Righting Old Wrongs Is Long Overdue For Native Americans


“These kinds of conditions can not be permitted to exist in the United States.” Robert F Kennedy after seeing the impoverished living conditions on the Pine Ridge Reservation.

Robert F Kennedy Jr inherited from his father a deep commitment to improving the lives of Native Americans. Like his father, he sees the poverty and suffering in Indian Country as our country’s greatest shame and he believes that the federal government’s unfair dealings and broken treaties with the tribal nations are our nation’s original sin.

Alfred Pilsmore, an 84-year-old Oglala Sioux Indian, discussing Indian needs with Robert F. Kennedy
at the Pine Ridge Indian Reservation in South Dakota on April 16, 1968. Credit: Associated Press

After accompanying his father on campaign trips to reservations around the country, RFK Jr was inspired to focus a significant amount of his own career on representing the interests of indigenous Americans in the United States, Canada and Latin America. He has advocated for these first Americans in courtrooms and in treaty negotiations; he has fought for them against mining, timber, hydroelectric, and oil-industry forces endeavoring to steal their resources and destroy their lands and tribal culture. RFK Jr has been on the front lines of recent battles in Indian country: he joined the water protectors at Standing Rock and he and his son Conor were arrested protesting the Keystone XL pipeline.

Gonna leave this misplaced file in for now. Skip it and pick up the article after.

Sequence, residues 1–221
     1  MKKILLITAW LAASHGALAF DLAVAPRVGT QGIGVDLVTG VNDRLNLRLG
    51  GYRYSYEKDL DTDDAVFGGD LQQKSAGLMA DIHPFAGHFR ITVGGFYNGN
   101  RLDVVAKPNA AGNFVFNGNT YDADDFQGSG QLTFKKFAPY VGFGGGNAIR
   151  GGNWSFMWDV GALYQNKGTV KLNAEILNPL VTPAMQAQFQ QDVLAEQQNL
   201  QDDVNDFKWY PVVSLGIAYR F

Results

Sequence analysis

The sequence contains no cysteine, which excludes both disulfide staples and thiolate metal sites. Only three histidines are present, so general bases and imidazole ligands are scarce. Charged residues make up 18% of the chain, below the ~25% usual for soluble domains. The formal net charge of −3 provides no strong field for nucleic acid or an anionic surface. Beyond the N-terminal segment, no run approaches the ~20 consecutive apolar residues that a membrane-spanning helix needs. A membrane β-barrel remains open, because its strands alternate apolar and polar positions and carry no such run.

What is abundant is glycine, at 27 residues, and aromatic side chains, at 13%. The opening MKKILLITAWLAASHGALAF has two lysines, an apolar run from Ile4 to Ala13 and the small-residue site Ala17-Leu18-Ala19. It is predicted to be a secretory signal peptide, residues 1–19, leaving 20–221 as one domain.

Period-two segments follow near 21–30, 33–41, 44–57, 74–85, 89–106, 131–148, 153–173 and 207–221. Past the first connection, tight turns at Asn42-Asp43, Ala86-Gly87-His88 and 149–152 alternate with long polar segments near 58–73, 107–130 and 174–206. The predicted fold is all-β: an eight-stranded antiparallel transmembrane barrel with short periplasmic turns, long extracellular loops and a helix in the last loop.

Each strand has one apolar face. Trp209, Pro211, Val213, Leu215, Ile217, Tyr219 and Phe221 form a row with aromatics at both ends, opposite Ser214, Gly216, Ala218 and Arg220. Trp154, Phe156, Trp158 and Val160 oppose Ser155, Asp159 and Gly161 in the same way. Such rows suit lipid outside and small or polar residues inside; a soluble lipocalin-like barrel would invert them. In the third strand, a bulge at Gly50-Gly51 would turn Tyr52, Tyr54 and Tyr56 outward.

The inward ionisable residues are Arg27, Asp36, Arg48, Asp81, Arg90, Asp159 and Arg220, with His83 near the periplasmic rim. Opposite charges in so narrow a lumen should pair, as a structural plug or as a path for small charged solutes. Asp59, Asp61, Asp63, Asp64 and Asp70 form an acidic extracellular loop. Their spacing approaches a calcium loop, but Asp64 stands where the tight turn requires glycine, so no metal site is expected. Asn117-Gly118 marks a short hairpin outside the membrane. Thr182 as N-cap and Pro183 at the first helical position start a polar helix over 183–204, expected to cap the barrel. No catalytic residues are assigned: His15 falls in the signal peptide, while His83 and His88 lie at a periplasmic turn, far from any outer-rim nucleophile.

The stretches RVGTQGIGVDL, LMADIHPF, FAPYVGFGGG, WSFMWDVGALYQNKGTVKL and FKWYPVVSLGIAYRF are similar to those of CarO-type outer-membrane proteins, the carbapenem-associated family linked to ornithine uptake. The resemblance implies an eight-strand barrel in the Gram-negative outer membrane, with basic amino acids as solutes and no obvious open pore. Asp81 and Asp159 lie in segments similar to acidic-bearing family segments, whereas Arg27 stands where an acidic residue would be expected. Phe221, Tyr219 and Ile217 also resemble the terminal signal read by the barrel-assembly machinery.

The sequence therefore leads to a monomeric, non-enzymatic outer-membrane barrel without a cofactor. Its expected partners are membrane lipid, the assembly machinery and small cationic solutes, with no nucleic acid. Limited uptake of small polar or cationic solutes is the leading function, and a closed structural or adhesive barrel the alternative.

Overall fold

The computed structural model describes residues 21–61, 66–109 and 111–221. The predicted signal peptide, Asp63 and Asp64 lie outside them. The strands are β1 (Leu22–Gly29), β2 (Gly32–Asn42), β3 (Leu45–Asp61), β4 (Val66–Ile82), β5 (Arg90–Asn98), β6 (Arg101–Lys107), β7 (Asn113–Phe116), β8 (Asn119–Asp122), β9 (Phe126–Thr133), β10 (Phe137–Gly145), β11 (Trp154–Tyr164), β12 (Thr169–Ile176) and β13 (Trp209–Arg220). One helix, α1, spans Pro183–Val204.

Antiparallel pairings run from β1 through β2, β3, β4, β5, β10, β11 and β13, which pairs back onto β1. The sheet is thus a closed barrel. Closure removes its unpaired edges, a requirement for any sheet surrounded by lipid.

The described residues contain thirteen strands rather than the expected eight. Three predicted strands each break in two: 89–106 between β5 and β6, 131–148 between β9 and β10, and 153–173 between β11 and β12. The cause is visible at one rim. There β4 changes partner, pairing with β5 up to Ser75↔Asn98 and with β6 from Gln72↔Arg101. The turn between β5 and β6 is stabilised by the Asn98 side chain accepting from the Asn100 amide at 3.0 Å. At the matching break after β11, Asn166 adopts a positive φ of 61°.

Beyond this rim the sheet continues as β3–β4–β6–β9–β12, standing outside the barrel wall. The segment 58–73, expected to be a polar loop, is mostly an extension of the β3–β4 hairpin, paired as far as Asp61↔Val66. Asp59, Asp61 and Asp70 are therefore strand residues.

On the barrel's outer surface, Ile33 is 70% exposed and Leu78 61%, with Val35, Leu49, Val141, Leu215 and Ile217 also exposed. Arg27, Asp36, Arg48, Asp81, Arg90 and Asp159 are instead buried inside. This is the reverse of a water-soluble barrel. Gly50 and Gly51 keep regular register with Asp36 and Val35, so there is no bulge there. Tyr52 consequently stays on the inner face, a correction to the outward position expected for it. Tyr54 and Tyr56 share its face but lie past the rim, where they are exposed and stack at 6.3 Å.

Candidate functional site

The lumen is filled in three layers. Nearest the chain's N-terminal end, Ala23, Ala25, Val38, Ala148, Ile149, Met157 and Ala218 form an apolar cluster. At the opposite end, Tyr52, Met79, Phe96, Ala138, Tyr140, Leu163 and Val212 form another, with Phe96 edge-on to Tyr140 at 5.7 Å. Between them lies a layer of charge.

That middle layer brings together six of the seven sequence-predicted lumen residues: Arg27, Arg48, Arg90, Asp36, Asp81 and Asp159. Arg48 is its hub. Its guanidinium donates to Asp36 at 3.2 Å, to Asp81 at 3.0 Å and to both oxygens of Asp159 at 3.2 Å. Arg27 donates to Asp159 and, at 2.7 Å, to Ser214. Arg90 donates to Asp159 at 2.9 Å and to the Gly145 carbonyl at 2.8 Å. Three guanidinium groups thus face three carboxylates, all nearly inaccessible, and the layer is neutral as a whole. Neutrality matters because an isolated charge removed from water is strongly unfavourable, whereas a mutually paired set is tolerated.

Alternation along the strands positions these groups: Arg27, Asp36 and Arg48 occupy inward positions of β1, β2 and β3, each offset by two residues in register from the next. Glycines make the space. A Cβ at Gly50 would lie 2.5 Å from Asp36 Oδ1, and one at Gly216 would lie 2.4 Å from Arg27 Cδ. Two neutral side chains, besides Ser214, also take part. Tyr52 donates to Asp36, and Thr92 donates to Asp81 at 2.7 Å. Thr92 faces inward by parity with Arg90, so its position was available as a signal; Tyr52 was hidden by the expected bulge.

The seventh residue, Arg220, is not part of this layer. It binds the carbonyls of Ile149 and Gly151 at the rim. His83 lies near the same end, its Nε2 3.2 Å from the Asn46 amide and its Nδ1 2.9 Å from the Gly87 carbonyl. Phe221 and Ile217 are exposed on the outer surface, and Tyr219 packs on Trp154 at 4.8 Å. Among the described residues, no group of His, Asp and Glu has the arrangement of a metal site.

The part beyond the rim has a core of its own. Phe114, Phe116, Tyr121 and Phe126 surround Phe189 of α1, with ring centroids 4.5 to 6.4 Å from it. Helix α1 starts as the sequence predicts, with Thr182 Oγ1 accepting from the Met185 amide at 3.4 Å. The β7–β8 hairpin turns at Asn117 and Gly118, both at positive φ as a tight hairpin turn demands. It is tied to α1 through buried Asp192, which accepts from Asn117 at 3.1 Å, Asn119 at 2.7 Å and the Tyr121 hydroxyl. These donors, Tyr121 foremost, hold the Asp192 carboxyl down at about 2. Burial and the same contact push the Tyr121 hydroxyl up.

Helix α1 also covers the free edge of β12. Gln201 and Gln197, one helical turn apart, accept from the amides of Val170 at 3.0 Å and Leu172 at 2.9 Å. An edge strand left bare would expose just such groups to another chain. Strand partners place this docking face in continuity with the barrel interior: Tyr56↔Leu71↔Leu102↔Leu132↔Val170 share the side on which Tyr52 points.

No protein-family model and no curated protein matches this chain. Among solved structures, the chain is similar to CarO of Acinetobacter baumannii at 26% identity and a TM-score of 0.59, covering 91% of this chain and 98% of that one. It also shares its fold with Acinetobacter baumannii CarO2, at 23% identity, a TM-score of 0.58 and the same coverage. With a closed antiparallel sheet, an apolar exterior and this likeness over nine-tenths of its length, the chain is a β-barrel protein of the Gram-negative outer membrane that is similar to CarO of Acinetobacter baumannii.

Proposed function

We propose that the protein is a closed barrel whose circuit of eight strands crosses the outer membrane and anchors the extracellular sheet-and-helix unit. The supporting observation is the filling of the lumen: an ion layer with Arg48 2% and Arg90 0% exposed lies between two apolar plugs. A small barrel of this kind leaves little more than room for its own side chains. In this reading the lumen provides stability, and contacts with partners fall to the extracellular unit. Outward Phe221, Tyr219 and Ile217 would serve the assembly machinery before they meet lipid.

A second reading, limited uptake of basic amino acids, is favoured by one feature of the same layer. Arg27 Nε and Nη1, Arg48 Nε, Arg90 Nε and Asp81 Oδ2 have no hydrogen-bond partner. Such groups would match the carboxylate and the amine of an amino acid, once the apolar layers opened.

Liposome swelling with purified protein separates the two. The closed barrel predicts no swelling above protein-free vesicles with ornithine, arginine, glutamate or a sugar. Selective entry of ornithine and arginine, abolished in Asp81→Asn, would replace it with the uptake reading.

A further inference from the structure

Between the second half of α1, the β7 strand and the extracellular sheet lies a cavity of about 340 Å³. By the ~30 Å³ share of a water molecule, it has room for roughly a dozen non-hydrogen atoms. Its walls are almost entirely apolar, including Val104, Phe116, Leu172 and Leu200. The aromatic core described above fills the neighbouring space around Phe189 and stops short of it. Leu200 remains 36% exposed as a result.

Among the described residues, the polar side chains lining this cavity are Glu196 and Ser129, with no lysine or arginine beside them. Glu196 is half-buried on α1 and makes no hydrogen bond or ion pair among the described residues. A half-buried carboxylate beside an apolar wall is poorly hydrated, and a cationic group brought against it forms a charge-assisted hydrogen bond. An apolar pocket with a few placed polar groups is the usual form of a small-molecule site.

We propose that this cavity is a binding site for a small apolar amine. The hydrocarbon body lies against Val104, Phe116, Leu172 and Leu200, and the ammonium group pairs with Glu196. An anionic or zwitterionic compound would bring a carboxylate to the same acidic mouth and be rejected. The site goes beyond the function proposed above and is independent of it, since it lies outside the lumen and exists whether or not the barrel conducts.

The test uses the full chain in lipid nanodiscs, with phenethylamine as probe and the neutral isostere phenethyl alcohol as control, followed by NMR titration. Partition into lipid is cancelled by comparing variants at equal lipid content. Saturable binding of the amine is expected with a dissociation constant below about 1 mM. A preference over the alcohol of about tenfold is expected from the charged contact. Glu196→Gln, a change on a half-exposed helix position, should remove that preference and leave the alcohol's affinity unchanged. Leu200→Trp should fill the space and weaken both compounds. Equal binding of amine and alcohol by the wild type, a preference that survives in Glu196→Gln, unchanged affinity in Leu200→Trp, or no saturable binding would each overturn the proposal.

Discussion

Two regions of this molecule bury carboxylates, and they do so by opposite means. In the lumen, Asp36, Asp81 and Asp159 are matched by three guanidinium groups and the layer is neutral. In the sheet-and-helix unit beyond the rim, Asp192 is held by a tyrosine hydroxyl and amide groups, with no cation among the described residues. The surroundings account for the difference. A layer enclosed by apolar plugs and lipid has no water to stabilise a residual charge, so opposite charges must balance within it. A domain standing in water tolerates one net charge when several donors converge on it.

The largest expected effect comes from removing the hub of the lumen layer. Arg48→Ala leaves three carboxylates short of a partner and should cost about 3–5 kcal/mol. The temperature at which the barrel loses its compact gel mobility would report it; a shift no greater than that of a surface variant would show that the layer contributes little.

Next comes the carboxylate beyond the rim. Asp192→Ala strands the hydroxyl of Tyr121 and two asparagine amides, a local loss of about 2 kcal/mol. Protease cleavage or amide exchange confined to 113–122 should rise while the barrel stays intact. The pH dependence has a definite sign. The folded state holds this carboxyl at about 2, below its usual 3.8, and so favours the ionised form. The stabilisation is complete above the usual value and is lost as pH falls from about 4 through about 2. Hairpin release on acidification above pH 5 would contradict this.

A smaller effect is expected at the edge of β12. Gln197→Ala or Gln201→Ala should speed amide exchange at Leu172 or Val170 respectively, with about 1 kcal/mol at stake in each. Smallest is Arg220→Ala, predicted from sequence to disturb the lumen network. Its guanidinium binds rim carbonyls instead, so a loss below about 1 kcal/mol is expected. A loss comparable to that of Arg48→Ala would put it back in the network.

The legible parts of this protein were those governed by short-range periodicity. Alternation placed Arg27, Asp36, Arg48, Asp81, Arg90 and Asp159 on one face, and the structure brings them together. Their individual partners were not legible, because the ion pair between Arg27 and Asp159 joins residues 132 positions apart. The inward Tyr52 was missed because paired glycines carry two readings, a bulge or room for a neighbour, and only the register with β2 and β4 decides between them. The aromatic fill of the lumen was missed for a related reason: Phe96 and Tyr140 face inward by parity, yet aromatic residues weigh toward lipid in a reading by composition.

Under a Kennedy administration, historic wrongs done to Native Americans will be addressed and made right. The spirit as well as the letter of treaties must be honored as the highest law of the land: documents made between sovereign nations. Cultural renewal will be supported and religious practices and sacred sites will be defended. Tribal sovereignty and the right of self determination will be respected. The need for restoration of illegally taken lands and resources, compensation for broken treaties, protection and enhancement of natural resources in Indian Country, will be elevated to matters of national interest and examination. Tribes will have a friend and ally in the White House.

While we know some of the problems in Indian Country, we will work in partnership with Native American leaders to learn more and to find the solutions. It is the duty of the federal government to do all that it can to create a better life for all Americans—especially those who have been reprehensibly neglected. We will seek to restore trust between Native Americans and the federal government and we will work hard to deserve it. We believe it is not enough to apologize for—or even attempt to rectify—past injustices; we need to prevent current and future injustices from occurring.

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